Nearly a decade ago U.S. Congress, warned that America will fall behind in the global economy if its education system doesn’t produce more workers with science, technology, engineering and math (STEM) skills.
Women make up nearly half the American workforce, yet only 3 percent of engineers, 15 percent of math and computer workers, and 14 percent of scientists are women.
In a first-of-its-kind study, the Brookings Institute analyzed millions of advertisements for job vacancies and compared the length of time jobs requiring science, technology, engineering and math (STEM) skills and non-STEM related jobs remained open.
Innovation drives the U.S. economy, and employees with science, technology, engineering and math (STEM) skills have become a hot commodity in post-recession America.
American schools increasingly depend on digital technologies to expand learning opportunities, to individualize instruction and to graduate students with the skills necessary for success in college and the 21st century workplace.
What do you get when you add pizza, probability, teenagers and engineers? Improved test scores, students say.
Teacher support is key to all of these efforts, which is why Raytheon is interested in rewarding educators who go the extra mile to get students excited.
The number of jobs in science, technology, engineering and math (STEM) is growing at a rate nearly double that of non-STEM jobs. To train this workforce of the near future, the United States needs an army of teachers highly trained in science, math, and technology.
While many in education and STEM fields embrace the new Common Core standards, many strongly oppose them. Some hold the belief that the Common Core will lead to a national curriculum, others believe the standards are weaker than what states have already implemented.
American students are falling behind students in other countries on international assessments of math and science. Statistics such as these are driving the call for education reforms to strengthen science, technology, engineering and math (STEM) education in the country’s schools.
A team of students from the University of Central Florida won the Raytheon-sponsored National Cyber Collegiate Defense Competition earlier this year.
Minnesota students’ performance on standardized proficiency tests held steady or slightly improved this year. The tests measure students’ ability to meet reading, math and science benchmarks.
As the last handful of days in August wind down, that marks the end of summer and the beginning of another school year. Monday is the first day of school for a number of students around Minnesota, including Minneapolis Public Schools, the state’s largest district.
A group of Minnesotans say they have a new strategy to correct one of the state’s biggest disparities. Four out of 10 students make it to graduation in the city of Minneapolis, seven out of 10 in St. Paul, Minn.
St. Paul Public Schools is considering a later start time for high school and middle school students. “Studies have been shown that they have different sleep patterns than smaller children and adults and they are better performers later on in the day,” Creative Arts High School teacher Lora Healam said.
August 1 marks the one year anniversary of gay marriage in Minnesota. Throughout the year thousands of same-sex couples got married. It’s a significant cultural change in a state which rejected gay marriage for years, then witnessed an emotional legislative battle to pass it.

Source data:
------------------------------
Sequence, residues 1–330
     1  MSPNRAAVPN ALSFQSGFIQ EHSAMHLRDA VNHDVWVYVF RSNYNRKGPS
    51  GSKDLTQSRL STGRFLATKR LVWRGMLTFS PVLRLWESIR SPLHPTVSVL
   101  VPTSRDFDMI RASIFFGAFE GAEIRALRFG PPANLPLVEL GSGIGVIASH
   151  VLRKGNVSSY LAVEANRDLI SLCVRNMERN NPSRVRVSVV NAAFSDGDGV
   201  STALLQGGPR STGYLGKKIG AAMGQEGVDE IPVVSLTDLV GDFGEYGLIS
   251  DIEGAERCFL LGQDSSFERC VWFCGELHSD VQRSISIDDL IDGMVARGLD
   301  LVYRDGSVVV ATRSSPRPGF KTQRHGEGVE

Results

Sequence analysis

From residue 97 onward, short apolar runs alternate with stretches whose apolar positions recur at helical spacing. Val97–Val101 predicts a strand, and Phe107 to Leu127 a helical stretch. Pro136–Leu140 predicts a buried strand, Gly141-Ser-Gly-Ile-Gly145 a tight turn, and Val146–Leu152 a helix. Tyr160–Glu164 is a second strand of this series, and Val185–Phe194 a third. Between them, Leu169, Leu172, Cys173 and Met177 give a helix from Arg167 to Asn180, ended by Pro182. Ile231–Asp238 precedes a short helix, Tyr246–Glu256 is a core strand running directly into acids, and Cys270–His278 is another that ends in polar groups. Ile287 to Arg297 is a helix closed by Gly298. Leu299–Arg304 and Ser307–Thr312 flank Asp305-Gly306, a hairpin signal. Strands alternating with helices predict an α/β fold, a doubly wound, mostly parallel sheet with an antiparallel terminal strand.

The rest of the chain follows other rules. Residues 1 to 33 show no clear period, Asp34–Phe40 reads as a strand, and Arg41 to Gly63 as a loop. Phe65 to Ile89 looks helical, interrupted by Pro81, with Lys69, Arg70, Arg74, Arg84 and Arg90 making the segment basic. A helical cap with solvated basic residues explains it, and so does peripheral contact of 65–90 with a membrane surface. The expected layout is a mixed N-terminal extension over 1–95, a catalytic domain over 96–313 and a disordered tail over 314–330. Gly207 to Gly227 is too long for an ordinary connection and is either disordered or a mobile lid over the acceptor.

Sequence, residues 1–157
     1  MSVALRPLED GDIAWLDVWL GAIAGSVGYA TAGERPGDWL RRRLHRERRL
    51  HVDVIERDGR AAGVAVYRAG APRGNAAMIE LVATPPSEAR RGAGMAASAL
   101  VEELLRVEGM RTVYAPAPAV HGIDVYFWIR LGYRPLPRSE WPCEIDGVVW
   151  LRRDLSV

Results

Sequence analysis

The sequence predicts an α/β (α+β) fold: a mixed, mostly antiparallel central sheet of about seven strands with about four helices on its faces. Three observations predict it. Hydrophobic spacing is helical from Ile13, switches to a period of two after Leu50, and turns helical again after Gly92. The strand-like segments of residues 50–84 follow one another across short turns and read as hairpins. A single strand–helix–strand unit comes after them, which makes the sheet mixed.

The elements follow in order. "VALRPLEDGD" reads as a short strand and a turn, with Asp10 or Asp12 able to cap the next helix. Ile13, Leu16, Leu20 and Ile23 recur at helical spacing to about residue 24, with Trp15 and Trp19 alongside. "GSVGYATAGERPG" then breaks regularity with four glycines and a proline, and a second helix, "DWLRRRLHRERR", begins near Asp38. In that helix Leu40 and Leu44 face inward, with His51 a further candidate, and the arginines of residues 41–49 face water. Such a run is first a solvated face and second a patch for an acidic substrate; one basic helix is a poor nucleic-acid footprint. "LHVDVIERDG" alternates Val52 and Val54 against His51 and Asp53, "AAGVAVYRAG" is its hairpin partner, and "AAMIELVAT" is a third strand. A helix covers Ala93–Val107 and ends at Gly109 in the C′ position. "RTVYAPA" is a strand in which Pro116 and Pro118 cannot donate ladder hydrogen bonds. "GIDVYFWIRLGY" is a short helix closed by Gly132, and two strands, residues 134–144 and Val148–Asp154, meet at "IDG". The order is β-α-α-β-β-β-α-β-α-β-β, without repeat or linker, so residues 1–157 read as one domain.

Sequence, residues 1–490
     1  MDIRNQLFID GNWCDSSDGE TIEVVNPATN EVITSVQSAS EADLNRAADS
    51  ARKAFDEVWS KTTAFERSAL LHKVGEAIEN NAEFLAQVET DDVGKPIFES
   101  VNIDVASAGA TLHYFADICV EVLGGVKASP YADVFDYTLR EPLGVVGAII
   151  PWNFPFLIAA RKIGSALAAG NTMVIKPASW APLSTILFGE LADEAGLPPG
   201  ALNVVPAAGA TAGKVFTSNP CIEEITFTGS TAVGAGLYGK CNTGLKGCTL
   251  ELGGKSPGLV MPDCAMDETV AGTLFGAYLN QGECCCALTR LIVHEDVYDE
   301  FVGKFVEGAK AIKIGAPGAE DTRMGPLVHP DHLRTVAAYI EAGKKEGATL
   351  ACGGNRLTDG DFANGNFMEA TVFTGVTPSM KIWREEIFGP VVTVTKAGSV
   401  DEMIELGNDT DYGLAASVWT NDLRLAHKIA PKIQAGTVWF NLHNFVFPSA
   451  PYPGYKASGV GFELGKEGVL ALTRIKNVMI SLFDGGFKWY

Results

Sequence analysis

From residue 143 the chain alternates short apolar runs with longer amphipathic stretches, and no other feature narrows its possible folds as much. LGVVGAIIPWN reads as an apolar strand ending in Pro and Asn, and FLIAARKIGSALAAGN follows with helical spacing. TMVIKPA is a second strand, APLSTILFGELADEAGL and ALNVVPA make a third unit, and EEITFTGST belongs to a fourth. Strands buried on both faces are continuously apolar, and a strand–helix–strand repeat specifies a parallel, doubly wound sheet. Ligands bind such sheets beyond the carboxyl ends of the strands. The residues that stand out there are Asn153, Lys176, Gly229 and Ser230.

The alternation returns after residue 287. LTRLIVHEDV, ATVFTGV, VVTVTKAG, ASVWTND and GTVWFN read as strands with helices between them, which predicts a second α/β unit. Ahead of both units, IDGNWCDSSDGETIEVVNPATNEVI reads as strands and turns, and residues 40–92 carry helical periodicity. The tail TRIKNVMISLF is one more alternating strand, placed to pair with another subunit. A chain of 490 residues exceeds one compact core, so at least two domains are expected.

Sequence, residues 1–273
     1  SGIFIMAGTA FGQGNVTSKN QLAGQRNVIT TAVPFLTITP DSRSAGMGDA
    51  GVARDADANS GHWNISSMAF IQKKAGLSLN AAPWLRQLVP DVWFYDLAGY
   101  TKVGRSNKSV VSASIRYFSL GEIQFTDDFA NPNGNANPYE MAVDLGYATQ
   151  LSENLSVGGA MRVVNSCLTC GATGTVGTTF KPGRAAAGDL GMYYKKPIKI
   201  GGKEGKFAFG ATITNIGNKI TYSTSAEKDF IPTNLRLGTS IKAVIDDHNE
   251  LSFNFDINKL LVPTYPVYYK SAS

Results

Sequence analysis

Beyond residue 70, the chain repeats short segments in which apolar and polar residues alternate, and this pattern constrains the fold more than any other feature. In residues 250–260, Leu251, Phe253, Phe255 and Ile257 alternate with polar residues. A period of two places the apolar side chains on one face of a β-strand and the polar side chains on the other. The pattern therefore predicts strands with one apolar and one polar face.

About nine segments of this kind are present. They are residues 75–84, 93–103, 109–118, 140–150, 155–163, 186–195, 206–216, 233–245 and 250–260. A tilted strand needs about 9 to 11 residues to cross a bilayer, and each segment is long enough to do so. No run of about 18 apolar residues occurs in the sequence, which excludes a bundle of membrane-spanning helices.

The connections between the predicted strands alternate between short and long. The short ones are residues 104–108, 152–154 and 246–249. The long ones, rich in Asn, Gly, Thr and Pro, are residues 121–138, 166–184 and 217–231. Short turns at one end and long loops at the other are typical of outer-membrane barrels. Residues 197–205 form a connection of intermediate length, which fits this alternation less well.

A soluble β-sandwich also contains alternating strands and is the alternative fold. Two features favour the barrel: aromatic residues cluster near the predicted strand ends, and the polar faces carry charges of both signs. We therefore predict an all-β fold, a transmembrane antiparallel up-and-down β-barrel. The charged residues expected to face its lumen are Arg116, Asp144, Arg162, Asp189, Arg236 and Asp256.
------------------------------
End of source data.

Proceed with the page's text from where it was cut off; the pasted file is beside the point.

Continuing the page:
Minnesota has won another year’s break from having to abide by proficiency goals and sanctions under the federal No Child Left Behind law. The U.S. Department of Education renewed waivers Thursday for Minnesota and four other states that have implemented alternative achievement and improvement plans in place of a one-size-fits-all federal standard.
Seasoned instructors share the essentials for your child’s transition back to the classroom.
To say something is seriously wrong with the cost of college – and mountain of debt piling atop the backs of America’s young people – is to state the obvious. Andrew Ross, the director of Ivory Tower, understands this. Instead of just saying “Guys, we’re in a hell of a pickle here,” his documentary gives us a road map as to how we got to this place and tries to decipher, through the fog of unrest and a forest of blinking technological light bulbs, what our possible options are to move forward. Don’t get me wrong, though: Ross doesn’t hint at a savior. The reason, after all, this is such a big mess is that no one has the knowledge, or will, to fix it. Still, it’s a given things are bound to change pretty soon. Everyone, it seems, agrees on that.
The University of Minnesota is getting about $103,000 in federal money to help educate farmers and ranchers about the new farm bill.
Ironically, an Edina teenager who made it all the way to the Scripps National Spelling Bee semifinals got tripped up by a word meaning “personification of the ultimate fate that gods must yield to.”
Count on singing and dancing, maybe even a few magic tricks, when the curtain goes up Tuesday on the very first White House talent show. Michelle Obama and the President’s Committee on the Arts and the Humanities are the hosts for the show, featuring acts by students from poor-performing schools that participate in the committee’s Turnaround Arts program.
The Janesville School District superintendent has issued a public apology for the showing of a video she describes as pro-gay marriage. The Wisconsin State Journal reports in April, Craig High School’s Gay-Straight Alliance showed “Kids React to Gay Marriage.”
Wild Season is over. Hear recaps with Sid and Mike Max. Click the link above to head to the PODCAST PAGE.
The University of North Dakota is taking heat over shirts students choose to wear over the weekend which some are calling flat-out racist. A group of students photographed themselves wearing the shirts and posted them online.